Serum sialic acid and sialoglycoproteins in asymptomatic carotid artery atherosclerosis

Gunnar Lindberg, Lennart Råstam, Peter Nilsson-Ehle, Arne Lundblad, Jonas Ranstam, Aaron R. Folsom, Gregory L. Burke

Research output: Contribution to journalArticlepeer-review

15 Scopus citations


Serum total sialic acid (S-TSA) is a recently identified risk marker for atherosclerosis and cardiovascular mortality. The purpose of this study was to evaluate the influence of three sialic acid rich glycoproteins (orosomucoid, haptoglobin, and α1-antitrypsin) on the relationship between S-TSA and carotid atherosclerosis. The mean S-TSA was 0.045 g/l higher among cases than controls (P<0.001) in 310 45-64 year-old male and female pairs of carotid atherosclerosis cases and disease-free controls from the Atherosclerosis Risk in Communities (ARIC) Study. Also mean serum levels of the glycoproteins were significantly higher in cases compared to controls. In a conditional multiple logistic regression model with the glycoproteins as independent variables, orosomucoid was correlated most strongly with case control status. However, when incorporated into the mathematical model, S-TSA not only contributed additional information as to the risk of atherosclerosis; none of the three glycoproteins contributed further once S-TSA had been accounted for. Thus, some other source of serum sialic acid or variations in the degree of sialylation of glycoproteins may be essential for understanding the relation between S-TSA and atherosclerosis. Copyright (C) 1999 Elsevier Science Ireland Ltd.

Original languageEnglish (US)
Pages (from-to)65-69
Number of pages5
Issue number1
StatePublished - Sep 1999

Bibliographical note

Funding Information:
This study was supported by contracts N01-HC-55015, N01-HC-55016, N01-HC-55018, N01-HC-55019, N01-HC-55020, N01-HC-55021 and N01-HC-55022 from the US National Heart, Lung, and Blood Institute, and by the Swedish Heart and Lung Foundation, the Swedish National Public Health Institute, the Swedish Medical Research Council, the Swedish Society of Medicine, the Johan and Henning Throne-Holst Foundation and the Faculty of Medicine, Lund University, Sweden. The authors thank the following ARIC staff: Phyllis Johnson, Marilyn Knowles, Catherine Paton of the University of North Carolina, Chapel Hill; Dawn Scott, Nadine Shelton, Carol Smith, Pamela Williams of the University of North Carolina, Forsyth County; Virginia Overman, Stephanie Parker, Liza Sullivan, Cora Walls of the University of Mississippi Medical Center, Jackson; Caryl DeYoung, Mary Doberstein, Chris Dwight, Greg Feitl of the University of Minnesota, Minneapolis; Dorrie Costa, Patricia Crowley, Tammy Crunkleton, Lilly Downs of the Johns Hopkins University, Baltimore; Valarie Stinson, Pam Pfile, Hogan Pham, Teri Trevino of the University of Texas Medical School, Houston; Wanda R. Alexander, Doris J. Harper, Charles E. Rhodes, Selma M. Soyal of the Methodist Hospital, Atherosclerosis Clinical Laboratory, Houston; Linda Allred, Carolyn Bell, Nancy Bourne, Charlene Kearney-Cash of the Bowman-Gray School of Medicine, Ultrasound Reading Center, Winston-Salem; Robert Matherly, Margaret Misch, Stephen Noga, Joy Rollins of the University of North Carolina, Chapel Hill, Coordinating Center.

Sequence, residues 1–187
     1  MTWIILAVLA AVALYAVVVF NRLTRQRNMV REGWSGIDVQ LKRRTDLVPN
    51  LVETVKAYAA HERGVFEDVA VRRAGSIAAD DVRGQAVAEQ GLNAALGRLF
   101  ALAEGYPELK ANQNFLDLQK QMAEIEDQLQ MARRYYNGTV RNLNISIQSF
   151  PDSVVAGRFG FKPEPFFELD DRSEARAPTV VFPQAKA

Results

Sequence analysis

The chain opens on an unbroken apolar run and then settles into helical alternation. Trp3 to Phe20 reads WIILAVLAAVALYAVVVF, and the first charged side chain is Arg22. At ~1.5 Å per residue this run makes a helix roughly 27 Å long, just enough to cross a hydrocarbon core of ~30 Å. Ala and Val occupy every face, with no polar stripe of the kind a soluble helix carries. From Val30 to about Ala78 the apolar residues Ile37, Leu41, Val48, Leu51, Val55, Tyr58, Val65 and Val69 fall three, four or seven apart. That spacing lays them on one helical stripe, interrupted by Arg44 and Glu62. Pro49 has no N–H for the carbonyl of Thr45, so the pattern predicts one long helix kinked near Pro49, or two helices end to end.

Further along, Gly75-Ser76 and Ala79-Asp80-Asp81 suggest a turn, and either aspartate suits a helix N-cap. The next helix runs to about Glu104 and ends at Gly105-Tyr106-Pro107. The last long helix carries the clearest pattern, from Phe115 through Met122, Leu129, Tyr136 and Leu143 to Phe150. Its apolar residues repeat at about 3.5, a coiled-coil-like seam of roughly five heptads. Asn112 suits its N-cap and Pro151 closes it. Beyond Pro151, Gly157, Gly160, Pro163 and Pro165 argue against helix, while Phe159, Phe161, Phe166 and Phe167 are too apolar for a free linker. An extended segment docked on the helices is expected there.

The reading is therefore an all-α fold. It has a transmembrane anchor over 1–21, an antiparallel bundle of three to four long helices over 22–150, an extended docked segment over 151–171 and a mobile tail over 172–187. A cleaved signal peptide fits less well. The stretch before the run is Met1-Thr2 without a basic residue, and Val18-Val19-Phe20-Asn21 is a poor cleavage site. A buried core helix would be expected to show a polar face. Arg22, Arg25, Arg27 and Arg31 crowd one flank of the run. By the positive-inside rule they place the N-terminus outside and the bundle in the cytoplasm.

• Carotid atherosclerosis
  • Cross-sectional study
  • Haptoglobin
  • Human
  • Orosomucoid
  • Sialic acids
  • α1-Antitrypsin


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